Clearly, age can make a difference. If Vice President Joe Biden can make Senator Paul Ryan look too young for the job, then this VP contest may go down in history along with The Week examples. Biden has the reputation for the gaffe while Ryan has the reputation for coming across as a bit of a know-it-all, a tag that also plagued Al Gore. We’ve got another Must-See TV event.
Clueless actress Stacey Dash doesn’t sound so clueless about politics. She voted for Barack Obama for president in 2008 and in 2012 she had the audacity to switch her allegiance by tweeting her support for Mitt Romney. Doesn’t she realize that Mitt Romney is white and she is black?! Dash appeared on CNN with Piers Morgan (remember him?) and here is what she had to say:
What did Stacey Dash do wrong to generate so much strong reaction? Is the Democratic Party the Black Peoples’ Party and the Republican Party the White Peoples’ Party? If so, then let us change their names and have more truth in advertising.
Tokyo-based Associated Press writer Yuri Kageyama reveals the trade costs to the regional showdown over the disputed goat islands known as Senkaku in Japan and Diaoyu in China. After reading “Sales of Japanese autos plunge in China on anti-Japan sentiments sparked by islands row,” I’m going to start calling the islands “AutoNObile.”
Come on, Japan. More specifically, come on Honda, Mitsubishi, Mazda, and Toyota, all global brands recognized for performance, reliability and longevity. I’m still driving my ’98 Honda Civic. I’m one of your most loyal global customers, having driven either a Toyota or Honda for the past 25 years.
This whole dispute looks ridiculous. Why not take the higher path here. Put an end to any blustering rhetoric or defensive posturing. Your country is paying too much, but not just in four wheels. Your citizens, who have been through so much, are paying dearly. Japan, your good name and standing in the world is costing you, and this impacts every transaction and interaction from point of sale to exchange of person.
Here’s a call for every rational, clear thinking citizen in China and Japan to make your voices heard. Turn this territorial dispute into a public park to be enjoyed by goats and all. We cannot rely on our political “leaders” to handle this one. So far they have let us down.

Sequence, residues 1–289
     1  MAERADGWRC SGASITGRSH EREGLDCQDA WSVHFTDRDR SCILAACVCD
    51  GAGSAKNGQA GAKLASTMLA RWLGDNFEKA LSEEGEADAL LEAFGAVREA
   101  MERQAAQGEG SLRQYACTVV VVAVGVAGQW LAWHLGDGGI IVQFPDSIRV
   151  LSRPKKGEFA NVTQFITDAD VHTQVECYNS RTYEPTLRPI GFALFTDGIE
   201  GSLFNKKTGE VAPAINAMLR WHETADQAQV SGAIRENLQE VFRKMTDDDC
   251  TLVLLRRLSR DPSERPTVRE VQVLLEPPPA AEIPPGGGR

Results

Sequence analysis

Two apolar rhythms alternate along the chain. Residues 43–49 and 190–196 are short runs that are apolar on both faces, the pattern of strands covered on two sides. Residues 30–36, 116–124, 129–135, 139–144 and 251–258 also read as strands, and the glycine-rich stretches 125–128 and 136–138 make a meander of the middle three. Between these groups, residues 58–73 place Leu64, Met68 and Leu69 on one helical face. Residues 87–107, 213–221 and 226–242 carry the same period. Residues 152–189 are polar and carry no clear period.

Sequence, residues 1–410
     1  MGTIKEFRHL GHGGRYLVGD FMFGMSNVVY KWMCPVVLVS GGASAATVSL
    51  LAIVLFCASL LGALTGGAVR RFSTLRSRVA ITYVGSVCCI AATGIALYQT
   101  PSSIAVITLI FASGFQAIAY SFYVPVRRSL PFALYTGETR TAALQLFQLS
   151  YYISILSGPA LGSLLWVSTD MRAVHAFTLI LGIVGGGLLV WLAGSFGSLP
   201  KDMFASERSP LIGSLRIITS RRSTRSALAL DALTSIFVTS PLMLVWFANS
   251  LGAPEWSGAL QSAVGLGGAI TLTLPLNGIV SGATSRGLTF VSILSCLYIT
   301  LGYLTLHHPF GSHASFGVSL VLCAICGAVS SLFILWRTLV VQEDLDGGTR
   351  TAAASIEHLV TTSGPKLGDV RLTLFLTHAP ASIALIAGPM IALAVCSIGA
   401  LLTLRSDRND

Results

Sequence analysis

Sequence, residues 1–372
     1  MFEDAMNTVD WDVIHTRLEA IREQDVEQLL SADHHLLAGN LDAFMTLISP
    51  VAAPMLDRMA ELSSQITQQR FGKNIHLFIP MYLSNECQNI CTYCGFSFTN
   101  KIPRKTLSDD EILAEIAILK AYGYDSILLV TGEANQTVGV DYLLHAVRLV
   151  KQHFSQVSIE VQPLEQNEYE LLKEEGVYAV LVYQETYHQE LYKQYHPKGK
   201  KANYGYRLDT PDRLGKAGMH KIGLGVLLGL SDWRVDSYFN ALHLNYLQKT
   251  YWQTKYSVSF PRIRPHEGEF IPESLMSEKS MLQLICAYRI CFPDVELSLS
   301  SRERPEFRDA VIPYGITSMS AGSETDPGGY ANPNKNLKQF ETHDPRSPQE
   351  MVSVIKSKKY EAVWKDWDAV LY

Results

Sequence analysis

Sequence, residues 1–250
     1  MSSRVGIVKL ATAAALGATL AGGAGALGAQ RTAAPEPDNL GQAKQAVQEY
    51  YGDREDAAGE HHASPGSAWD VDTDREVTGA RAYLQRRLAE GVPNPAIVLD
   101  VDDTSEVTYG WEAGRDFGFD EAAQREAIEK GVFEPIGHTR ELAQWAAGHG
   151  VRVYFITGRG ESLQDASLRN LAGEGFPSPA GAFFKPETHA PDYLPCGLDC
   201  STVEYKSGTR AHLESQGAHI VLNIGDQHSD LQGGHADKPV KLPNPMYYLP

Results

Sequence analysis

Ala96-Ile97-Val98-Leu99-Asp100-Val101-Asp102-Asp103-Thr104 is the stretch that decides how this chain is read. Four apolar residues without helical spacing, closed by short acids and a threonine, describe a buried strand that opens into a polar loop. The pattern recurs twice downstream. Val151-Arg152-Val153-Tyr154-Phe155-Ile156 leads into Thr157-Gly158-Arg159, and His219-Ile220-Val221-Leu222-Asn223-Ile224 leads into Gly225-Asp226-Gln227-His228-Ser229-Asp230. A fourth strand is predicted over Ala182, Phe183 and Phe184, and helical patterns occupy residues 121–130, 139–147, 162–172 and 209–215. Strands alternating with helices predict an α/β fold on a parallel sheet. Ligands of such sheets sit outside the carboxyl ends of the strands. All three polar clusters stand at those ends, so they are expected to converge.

My LA-based good friend, Florie Brizel, has written a piece for CNN called Why We All Need a Degree in Mobilology. A catchy sing-song title it is, but this is also a serious essay about the power of our global wireless and mobile generation and the connection between the human and technological. Do we really need a degree in mobilology? Florie suggests that we do. What say you?
It seems we have little choice but to embrace our techno-driven reality. While countless individuals and corporations race to create bigger-better-smaller-faster hardware and software, the rest of the world struggles to keep up.
This struggle takes many forms: learning new gadgets and systems; successfully integrating into the workplace different competencies with digital technology; and somehow being able financially to keep up.
It also includes asking, “How, exactly, is mobile changing our world, and is it all for good? How can we incorporate more and more technology without losing our humanity?”
I was given the opportunity today to reflect on the first presidential debate in Denver. Here is the link to the special forum in the New York Times called “Room for Debate.”
Let me know what you think, either about the actual debate or my suggestion to minimize the moderator and maximize the conversation.